Rape culture in an Aziz Ansari world


We are all familiar with the stereotyping and victim blaming that often follow accusations of rape or sexual assault.  We all know the girl “it” happened to. The girl who became a cautionary tale overnight. Who is accompanied by whispers wherever she goes that say she was too willing. That she was inebriated. That she wore a slinky dress that night. Everyone has an opinion.

We have seen her character being dissected. Carved up like a cadaver, for good measure of course. Every mistake, every pinprick secret scrutinized. A man’s good name is at stake! Her intellect is poked and prodded, a lifetime of alleged “promiscuity” unraveled. A look here. A kiss there. Good girls don’t tempt good boys. A tale as old as time. One that starts with a dismissive line of reasoning. A good old “he said, she said.” A crime though? Surely not! Crimes occur in the dark of alleyways.

According to the Oxford Dictionary, rape culture signifies “a society or environment whose prevailing social attitudes have the effect of normalizing or trivializing sexual assault and abuse.”

Rape culture teaches us to raise our girls to be cautious. It tells us that our behavior predetermines how much we are at risk. It tells us that we are responsible for the actions of others, no matter how violent or destructive those actions might be. Perpetrators are forgiven easily, because after all “boys will be boys.”

Rape culture is a shape-shifter. At times, it dons the name of “chivalry.” It teaches men that to win the affections of a woman, one must be persistent because women allegedly like “playing hard to get.” Popular culture is saturated with romance as a struggle, where masculinity is equated with stubborn resolve and femininity is rendered as coy, playful and teasing.

Rape culture apportions blame to the victim. It perpetuates the myth that the victim is at fault. This is especially forceful when extenuating circumstances do not match our popular assumptions of what exactly constitutes as sexual assault. Our cultural imaginations are filled with what victims and assailants should look and behave like and what assault itself should look like. Big Bad Wolves and cautionary tales teach us to navigate our behaviors, to avoid areas and situations that could harm us. Unfortunately, the real world does not function like a cautionary tale. When we encounter incidents that do not fall within this stereotypical paradigm, we are left confused.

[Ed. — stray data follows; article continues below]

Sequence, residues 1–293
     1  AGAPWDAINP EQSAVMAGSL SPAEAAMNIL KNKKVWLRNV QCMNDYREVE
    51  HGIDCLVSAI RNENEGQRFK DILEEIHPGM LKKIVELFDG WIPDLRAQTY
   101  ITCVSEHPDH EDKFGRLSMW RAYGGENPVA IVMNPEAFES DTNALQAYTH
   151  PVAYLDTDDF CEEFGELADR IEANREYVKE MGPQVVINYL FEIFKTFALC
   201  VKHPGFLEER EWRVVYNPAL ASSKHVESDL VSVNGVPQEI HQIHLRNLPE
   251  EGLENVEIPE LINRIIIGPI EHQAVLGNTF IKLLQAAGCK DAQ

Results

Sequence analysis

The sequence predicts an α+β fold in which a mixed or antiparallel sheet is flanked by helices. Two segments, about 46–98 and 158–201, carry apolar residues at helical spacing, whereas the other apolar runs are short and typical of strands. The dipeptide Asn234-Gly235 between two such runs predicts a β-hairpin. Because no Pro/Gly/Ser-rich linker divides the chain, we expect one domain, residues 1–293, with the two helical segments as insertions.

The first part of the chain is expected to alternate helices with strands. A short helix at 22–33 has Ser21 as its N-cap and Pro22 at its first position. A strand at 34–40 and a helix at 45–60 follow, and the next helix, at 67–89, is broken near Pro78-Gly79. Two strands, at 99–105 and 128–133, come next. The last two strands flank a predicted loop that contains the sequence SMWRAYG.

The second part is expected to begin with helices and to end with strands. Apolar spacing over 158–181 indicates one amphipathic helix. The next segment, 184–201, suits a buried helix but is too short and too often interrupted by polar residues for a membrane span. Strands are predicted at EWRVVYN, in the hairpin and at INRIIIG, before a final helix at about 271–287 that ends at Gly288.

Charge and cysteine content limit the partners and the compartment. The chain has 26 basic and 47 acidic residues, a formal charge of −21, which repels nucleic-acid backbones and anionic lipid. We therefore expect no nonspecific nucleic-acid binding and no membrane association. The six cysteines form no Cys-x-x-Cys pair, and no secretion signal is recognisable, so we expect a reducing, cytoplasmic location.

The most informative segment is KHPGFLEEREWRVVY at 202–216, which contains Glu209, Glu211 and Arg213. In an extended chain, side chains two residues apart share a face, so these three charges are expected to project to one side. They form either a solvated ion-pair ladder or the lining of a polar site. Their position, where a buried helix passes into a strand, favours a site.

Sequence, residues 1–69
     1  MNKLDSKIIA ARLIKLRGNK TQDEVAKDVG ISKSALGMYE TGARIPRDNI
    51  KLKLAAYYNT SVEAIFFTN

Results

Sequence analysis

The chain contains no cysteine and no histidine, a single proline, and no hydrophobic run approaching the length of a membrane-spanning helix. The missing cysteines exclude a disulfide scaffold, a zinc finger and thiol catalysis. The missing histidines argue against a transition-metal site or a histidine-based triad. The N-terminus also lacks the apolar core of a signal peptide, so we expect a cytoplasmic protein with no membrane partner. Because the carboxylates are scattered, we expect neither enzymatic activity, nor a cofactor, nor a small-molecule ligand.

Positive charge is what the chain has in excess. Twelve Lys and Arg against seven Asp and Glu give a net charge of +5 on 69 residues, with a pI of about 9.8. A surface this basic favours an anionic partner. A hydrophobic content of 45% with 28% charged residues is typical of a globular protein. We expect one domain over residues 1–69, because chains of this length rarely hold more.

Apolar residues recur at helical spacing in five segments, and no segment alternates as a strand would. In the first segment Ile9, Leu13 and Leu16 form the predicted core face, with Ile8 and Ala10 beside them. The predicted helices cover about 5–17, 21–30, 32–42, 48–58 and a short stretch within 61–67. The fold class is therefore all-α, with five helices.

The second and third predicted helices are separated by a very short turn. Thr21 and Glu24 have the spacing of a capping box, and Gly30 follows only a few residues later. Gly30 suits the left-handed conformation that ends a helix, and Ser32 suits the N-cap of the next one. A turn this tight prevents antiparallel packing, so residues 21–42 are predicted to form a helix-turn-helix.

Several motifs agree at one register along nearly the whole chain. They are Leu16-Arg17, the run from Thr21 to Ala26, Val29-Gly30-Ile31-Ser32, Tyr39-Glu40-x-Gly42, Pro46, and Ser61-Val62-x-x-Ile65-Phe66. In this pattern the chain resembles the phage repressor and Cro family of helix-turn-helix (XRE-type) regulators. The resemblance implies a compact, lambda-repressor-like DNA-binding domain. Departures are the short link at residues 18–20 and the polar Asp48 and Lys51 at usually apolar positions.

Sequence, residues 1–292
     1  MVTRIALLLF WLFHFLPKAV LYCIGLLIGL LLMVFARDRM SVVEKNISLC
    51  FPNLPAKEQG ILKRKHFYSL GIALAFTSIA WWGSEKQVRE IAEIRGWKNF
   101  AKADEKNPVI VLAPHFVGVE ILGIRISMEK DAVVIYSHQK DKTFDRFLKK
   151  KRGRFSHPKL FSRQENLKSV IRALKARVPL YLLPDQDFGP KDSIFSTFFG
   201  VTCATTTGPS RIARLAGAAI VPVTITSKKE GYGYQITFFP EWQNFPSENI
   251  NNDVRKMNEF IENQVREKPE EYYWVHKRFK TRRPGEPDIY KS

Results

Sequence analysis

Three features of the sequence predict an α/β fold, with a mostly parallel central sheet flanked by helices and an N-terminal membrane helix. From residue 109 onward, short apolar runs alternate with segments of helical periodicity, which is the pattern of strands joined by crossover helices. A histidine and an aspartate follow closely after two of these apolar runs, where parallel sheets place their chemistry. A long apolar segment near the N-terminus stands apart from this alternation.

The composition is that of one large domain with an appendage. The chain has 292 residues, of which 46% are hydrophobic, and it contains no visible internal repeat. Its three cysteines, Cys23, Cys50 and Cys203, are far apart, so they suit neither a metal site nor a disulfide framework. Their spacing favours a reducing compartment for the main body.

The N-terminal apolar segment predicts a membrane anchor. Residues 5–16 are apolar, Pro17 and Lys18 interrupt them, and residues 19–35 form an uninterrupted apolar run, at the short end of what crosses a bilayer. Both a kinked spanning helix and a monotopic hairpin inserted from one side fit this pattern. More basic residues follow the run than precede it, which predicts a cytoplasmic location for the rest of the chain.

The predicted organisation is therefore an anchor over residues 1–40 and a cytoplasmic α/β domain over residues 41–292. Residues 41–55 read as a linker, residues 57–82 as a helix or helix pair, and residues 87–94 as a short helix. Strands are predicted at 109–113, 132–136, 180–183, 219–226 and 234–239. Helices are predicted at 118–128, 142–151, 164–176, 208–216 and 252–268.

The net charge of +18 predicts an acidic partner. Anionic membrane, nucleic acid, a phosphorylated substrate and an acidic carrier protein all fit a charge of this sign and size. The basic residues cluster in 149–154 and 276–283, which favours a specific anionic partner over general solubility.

In a world of Harvey Weinsteins and Larry Nassars, the notion of an outwardly “woke” public figure committing such an act has been met with skepticism and disbelief. ”

A case in point is the recent allegation against beloved comedian Aziz Ansari. On January 14, Babe.net published an article documenting an alleged assault that took place against 22-year-old photographer “Grace” (a pseudonym). In a world of Harvey Weinsteins and Larry Nassars, the notion of an outwardly “woke” public figure committing such an act has been met with skepticism and disbelief. Soon after it was published, the article sparked a public debate questioning the entire premise of this particular kind of “assault.” The New York Times published the article “Aziz Ansari Is Guilty Of Not Being a Mind Reader,” written by self-proclaimed feminist Bari Weiss, who argues that the whole scenario was simply “a lousy romantic encounter.” She goes on to state, “the insidious attempt by some women to criminalize awkward, gross and entitled sex takes women back to the days of smelling salts and fainting couches.”